May 30, 2023

Check Call: Stop! It’s Brake Safety Day recap time


Welcome to Check Call, our corner of the internet for all things 3PL, freight broker and supply chain. Check Call the podcast comes out every Tuesday at 12:30 p.m. EDT. Catch up on previous episodes here. If this was forwarded to you, sign up for Check Call the newsletter here.

In this edition: Brake Safety Day results released; noncompetes return to the limelight; and Nikola has to get creative.

(Image: reddit r/truckers & TikTok @kevindatrucker)

The Commercial Vehicle Safety Alliance has had quite the busy April and May. May included a 72-hour Roadcheck event and April 19 was everyone’s favorite, the unannounced Brake Safety Day. The results from Brake Safety Day are in. The overall takeaway is that while there were fewer vehicles inspected this year, there was a higher compliance rate of vehicles that were inspected. 

According to John Kingston’s article: “CVSA said it found ‘brake-related critical vehicle inspection items’ on 11.3% of the 6,829 vehicles that it inspected. Making such a finding means that the vehicle is ‘unfit and unsafe for roadways.’ That 11.3% translates to 774 vehicles, and they were removed from service ‘until the violations were corrected.’ By comparison, there were 9,132 vehicles inspected last year with 1,290 removed from service due to brake issues. That translates to a 14.1% removal rate.”

The top brake-related defect forcing trucks out of service was called “20% brakes violation,” which basically means 20% or more of the brakes have an out-of-service condition that makes a brake defective, something like air leaks, defective pads or a brake out of adjustment. Those violations totaled 479. These inspections were across all of North America. Don’t forget that Brake Safety Week is scheduled for later this year, Aug. 20-26. 

(Image: imgflip.com)

It’s a rough time out there for brokerages that are trying to trap employees with noncompete agreements. At the beginning of the year, the Federal Trade Commission proposed a rule that would ban noncompetes on a national level. After more than 27,000 comments on both sides of the argument, a majority appears to be for the ban. The FTC has announced it will issue a ruling in April 2024, leaving us with just under a year to ride out any more noncompete issues.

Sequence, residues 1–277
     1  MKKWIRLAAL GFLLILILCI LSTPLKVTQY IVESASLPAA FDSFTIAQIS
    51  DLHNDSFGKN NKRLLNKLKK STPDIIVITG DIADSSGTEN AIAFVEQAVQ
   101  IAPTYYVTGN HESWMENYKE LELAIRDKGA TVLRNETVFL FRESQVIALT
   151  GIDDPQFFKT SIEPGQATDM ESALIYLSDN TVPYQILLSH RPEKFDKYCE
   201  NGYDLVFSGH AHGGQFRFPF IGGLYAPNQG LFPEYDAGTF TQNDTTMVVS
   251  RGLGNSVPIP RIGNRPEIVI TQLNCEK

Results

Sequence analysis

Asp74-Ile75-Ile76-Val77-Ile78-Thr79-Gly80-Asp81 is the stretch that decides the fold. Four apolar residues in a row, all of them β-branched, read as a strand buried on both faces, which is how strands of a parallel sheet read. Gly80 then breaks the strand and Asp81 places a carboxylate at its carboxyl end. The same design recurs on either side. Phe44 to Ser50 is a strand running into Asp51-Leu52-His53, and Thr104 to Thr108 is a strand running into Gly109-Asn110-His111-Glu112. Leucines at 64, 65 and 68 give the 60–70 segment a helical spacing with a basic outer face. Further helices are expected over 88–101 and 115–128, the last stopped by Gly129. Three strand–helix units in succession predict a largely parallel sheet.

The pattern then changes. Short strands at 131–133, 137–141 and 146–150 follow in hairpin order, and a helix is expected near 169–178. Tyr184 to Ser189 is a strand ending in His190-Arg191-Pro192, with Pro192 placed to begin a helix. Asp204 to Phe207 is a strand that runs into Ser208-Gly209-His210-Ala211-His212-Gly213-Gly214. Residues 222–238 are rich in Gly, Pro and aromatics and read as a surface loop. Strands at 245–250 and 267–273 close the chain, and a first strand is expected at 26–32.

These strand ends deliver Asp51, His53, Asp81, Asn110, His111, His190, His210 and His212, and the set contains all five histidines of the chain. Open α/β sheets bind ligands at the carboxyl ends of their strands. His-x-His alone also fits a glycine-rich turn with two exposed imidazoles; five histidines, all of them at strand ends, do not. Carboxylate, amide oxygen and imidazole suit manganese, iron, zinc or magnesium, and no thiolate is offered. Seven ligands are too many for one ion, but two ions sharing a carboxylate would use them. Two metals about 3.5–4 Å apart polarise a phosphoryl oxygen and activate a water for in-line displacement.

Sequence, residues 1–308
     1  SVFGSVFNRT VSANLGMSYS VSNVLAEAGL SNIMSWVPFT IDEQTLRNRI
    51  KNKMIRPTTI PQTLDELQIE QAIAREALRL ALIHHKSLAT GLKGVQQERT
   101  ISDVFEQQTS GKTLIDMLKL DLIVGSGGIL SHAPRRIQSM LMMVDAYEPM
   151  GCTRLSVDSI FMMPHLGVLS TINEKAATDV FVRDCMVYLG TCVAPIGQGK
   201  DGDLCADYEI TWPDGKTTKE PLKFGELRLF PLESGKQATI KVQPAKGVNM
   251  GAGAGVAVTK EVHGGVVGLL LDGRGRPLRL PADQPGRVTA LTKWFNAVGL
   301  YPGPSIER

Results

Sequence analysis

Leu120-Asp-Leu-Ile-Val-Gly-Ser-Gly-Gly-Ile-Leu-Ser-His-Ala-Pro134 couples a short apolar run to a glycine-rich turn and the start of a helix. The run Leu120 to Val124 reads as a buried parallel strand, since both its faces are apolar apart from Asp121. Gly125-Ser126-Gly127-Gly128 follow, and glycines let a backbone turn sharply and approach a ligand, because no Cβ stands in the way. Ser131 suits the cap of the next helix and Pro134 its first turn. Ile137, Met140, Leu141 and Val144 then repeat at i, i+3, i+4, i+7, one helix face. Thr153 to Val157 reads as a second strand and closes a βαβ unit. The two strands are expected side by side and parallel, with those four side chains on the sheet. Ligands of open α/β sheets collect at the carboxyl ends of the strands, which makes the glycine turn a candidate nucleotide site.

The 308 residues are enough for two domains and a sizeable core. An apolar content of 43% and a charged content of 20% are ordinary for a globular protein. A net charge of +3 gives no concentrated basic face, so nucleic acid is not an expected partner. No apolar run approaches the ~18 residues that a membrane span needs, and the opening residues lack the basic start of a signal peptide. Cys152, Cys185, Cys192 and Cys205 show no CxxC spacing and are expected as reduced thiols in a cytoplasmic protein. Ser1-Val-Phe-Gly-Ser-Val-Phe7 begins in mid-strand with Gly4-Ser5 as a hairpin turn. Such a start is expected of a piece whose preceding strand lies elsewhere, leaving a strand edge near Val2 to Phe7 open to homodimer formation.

Until the FTC rules on noncompetes, there is some hope for those in certain states. California, North Dakota, Oklahoma and the District of Columbia ban noncompete agreements outright, with a few exceptions. Colorado, Illinois, Maine, Maryland, New Hampshire, Oregon, Rhode Island, Virginia and Washington prohibit noncompete agreements unless the employee earns above a certain salary threshold. Other states, like Iowa and Kentucky, limit the use of noncompetes for certain professions such as health care workers.

Unfortunately, there are plenty of noncompete cases to go around. Back in the headlines is TQL for suing a former broker, Jacob Patterson, for an alleged second violation of his noncompete. When Patterson founded Hyperlux Logistics, TQL claimed that Hyperlux became a direct competitor of TQL, despite not being open for business for another four months. 

(SONAR Ticker: NTI.USA, NTID.USA)

Market Check. Spot market rates continue to rise as the impacts of CVSA Roadcheck and the Memorial Day weekend decrease available truckload capacity. The FreightWaves National Truckload Index (NTI), a seven-day moving average of spot rates representing 8.7 million loads, rose 2.74% or 6 cents per mile from $2.17 on May 18 to $2.23 per mile. The NTID, the daily version of the National Truckload Index, rose higher at $2.26 per mile as of Thursday, with the NTIF forecast rates expected to plateau and remain around $2.26 per mile for the first half of June. 

(Image: Tenor.com)

Who’s with whom? It’s more like who’s not with whom. Nikola Corp. is about to no longer be with Nasdaq. It turns out when the share price of a company is below $1 for more than 30 days, said company gets a delisting warning. If the company continues to fail to meet the requirements, it can be delisted from the stock exchange involuntarily. 

Nikola is left with two possible options: a reverse stock split or acquisition. According to Alan Adler’s article: “Lordstown Motors Corp. approved a 1:15 reverse stock split that raised its share price but had no impact on its financial condition. Without the split, the Nasdaq could have removed Lordstown from trading on Friday.” There also is a chance that Iveco could come to the rescue as it owns a 50% stake of Nikola. 

(GIF: Tenor.com)

Double broker red flags 

Double broker red flag No. 2: “0 fmcsa inspections = broker, and unwillingness to share driver info upon booking the load.” Courtesy of Adnan Velic.

Zero FMCSA inspections isn’t always a bad thing as carriers don’t have any control over getting inspected. The biggest red flag there is that unwillingness to share the driver info upon booking. That is a hallmark of the sketch masters. When you ask for the driver’s contact information and are met with some hostility on the other end of the phone, run far and fast. 

Got any tips that are your favorite? Let me know or share on LinkedIn. I’d love to share them with everyone. 

The more you know 

Texas-based trucking company files for Chapter 11 bankruptcy protection 

Borderlands: Laredo remains nation’s No. 1 gateway for international trade 

Can EPA’s electric truck proposal survive political scrutiny?

Bathroom access allowed for commercial truck drivers in Washington state 

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